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Posts Tagged ‘Keene Drive In’

Anyone who has been to an outdoor drive in theater has probably heard the “It’s showtime folks!” announcement coming through the speaker that hung on their car window. It came right after the film clip showing all the delicacies found at the snack bar, I think.

Keene had a drive in theater and though this isn’t a photo of that screen it’s very much how I remember it. The drive in held 400 cars and once you paid the entrance fee you parked wherever you wanted. Each of the poles seen in this photo would have held 2 speakers. You parked beside a pole, rolled the window down about half way and hung the speaker on it. I don’t know how many people drove off after the film with the speaker still on their window but I’d be there were a few.

This is what the Keene drive in looks like today; an open meadow full of flowers, birds and insects. I decided to explore it last weekend just to see if I could find anything interesting. There is a gate that is locked but since there is a big missing part of the fence right next to the gate it was easy to walk right in. There were no signs telling me not to.

I found these few photos of Keene Drive In memorabilia, apparently uploaded by Charles Dean, online. I couldn’t find the date the drive in opened but it must have been in the 1940s after the war ended. That was a popular time for drive ins and that’s when many of them opened.  The prices on this menu are certainly from a few years ago. I can’t remember ever paying as little as 35 cents for a hamburger.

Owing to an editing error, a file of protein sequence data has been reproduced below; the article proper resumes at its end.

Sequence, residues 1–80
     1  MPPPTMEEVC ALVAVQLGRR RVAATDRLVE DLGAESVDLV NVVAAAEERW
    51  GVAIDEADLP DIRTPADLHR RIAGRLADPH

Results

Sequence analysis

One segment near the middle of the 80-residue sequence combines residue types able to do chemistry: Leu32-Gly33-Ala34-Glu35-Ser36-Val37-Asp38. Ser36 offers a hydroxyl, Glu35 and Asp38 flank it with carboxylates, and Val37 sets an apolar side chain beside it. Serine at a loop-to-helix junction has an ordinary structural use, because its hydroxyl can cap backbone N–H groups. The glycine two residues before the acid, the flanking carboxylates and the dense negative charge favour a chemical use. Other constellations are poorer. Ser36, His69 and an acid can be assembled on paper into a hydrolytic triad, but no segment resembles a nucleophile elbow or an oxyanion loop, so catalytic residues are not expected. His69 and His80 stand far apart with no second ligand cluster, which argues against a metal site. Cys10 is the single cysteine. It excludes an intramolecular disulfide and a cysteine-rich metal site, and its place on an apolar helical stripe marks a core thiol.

But I was here to see nature doing its thing and I wasn’t disappointed. St. Johnswort plants grew here and there. I think these grew somewhere near where the projection booth originally was.

Drive ins did their best to keep people from sneaking in without paying but it was a right of passage for a teenage boy and I went through the main gate in the trunk of a car more than once. Many others did the same and I don’t think I ever heard of anyone climbing the fence. That’s a good thing, by the looks of all the barbed wire.

The grasses were waist high. Even yarrow couldn’t out grow them.

In this spot something had flattened the grass just like a bedding deer would, but it could have been a human. As few as 10 years ago this piece of land had grown up to be almost completely forested and a sizeable homeless population lived in here. I came through once a few years ago just to explore and found a small town of tents and tee-pees tucked into a back corner. The town (I think) came in and cut all the trees and brush and evicted the homeless and now the place is mown once each year. It’s a shame that anyone has to be homeless in this, the richest country on earth, but the reality is almost every town in America has a homeless population.